Step 2: Is this a valid LTI launch request?

Having established in Step 1 that the message received represents an LTI launch request, the next step is to verify its authenticity.  All LTI launch requests are signed using OAuth 1 to ensure that their contents cannot be altered en route to the tool provider - that is, to ensure that the data received by the tool provider is identical to the data which was sent by the tool consumer.  At the same time a check can also be made to ensure that the message is not a duplicate of one which has already been received and processed.

The OAuth signing process will insert the following parameters into the data being passed in the message:

  • oauth_callback - not used by LTI so should always have a value of about:blank
  • oauth_consumer_key - the unique key assigned to the tool consumer which can be used to look up their associated secret
  • oauth_nonce - a unique value identifying the message which can be used to avoid duplicates being processed
  • oauth_signature - the signature itself
  • oauth_signature_method - the method used to generate the signature, LTI currently supports HMAC-SHA1
  • oauth_timestamp - the time at which the message was signed which can be used to ensure it is a current request
  • oauth_version - the version of OAuth used, this should always be 1.0

Most of the work involved in the checking of a signed message is handled by an OAuth library, available for most programming languages.  The library will merely need to be given access to the secret associated with the consumer key for the message, and a method to confirm that the nonce value is not a repeat.  The tasks it carries out are:

  1. check that the timestamp is within a specified interval either side of the current server time (typically ±5 minutes);
  2. check that the nonce does not have the same value as that of another message received (this check can be limited to only those messages falling within the permitted time interval and from the same tool consumer);
  3. generate the signature for the message using the secret for the tool consumer and compare the value with the one received.

If a message passes all these checks then it can be asserted to have come from the stated tool consumer and the data received should be trusted.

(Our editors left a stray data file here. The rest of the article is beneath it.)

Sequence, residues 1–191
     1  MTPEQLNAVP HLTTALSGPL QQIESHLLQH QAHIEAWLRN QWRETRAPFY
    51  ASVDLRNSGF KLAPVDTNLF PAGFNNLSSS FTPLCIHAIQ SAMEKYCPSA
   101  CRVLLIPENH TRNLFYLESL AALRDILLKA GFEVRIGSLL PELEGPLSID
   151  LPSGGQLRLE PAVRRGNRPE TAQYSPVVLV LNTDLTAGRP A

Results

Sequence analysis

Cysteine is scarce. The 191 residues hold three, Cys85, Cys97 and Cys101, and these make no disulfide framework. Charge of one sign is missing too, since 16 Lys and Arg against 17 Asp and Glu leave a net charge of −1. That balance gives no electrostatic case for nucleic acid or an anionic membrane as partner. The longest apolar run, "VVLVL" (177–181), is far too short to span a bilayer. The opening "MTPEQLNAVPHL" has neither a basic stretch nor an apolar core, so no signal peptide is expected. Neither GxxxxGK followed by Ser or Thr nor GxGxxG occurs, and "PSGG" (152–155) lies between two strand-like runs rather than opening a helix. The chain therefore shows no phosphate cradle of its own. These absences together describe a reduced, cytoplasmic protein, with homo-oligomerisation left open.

Sample PHP Code

The following code assumes that an associative array named $tool_consumer_secrets has already been initialized with the keys and secrets of each tool consumer registered by the tool provider.  For example, a tool consumer with a key of and a secret of ThisIsABigSecret! would have an entry in the array equivalent to:

  $tool_consumer_secrets[''] = 'ThisIsABigSecret!';

This array would typcially be generated as a result of a database query.

The $ok variable is carried over from Step 1 and should have a value of true at the start of this code segment.  After the code has been executed the variable will have been set to false if the message has not been properly signed (or is an out-of-date or duplicate request).

  // Check the consumer key is recognised
  $ok = $ok && array_key_exists($_POST['oauth_consumer_key'], $tool_consumer_secrets);

  // Check the OAuth credentials (nonce, timestamp and signature)
  if ($ok) {
    require_once('lib.php');  // load class to act as an OAuth data store
    try {
      $store = new ImsOAuthDataStore($_POST['oauth_consumer_key'], $CONSUMERS_TABLE[$_POST['oauth_consumer_key']]);
      $server = new OAuthServer($store);
      $method = new OAuthSignatureMethod_HMAC_SHA1();
      $request = OAuthRequest::from_request();
    } catch (Exception $e) {
      $ok = FALSE;

ImsOAuthDataStore Class

This is a simple class to provide OAuth with access to the consumer key and secret during its signature verification.  It can be enhanced to include the checking of nonce values as well.

  class ImsOAuthDataStore extends OAuthDataStore {

    private $consumer_key = NULL;
    private $consumer_secret = NULL;

    public function __construct($consumer_key, $consumer_secret) {

      $this->consumer_key = $consumer_key;
      $this->consumer_secret = $consumer_secret;


    function lookup_consumer($consumer_key) {

      return new OAuthConsumer($this->consumer_key, $this->consumer_secret);


    function lookup_token($consumer, $token_type, $token) {

      return new OAuthToken($consumer, '');


    function lookup_nonce($consumer, $token, $nonce, $timestamp) {

      return FALSE;  // If a persistent store is available nonce values should be retained for a period and checked here


    function new_request_token($consumer, $callback = null) {

      return NULL;


    function new_access_token($token, $consumer, $verifier = null) {

      return NULL;



See Also


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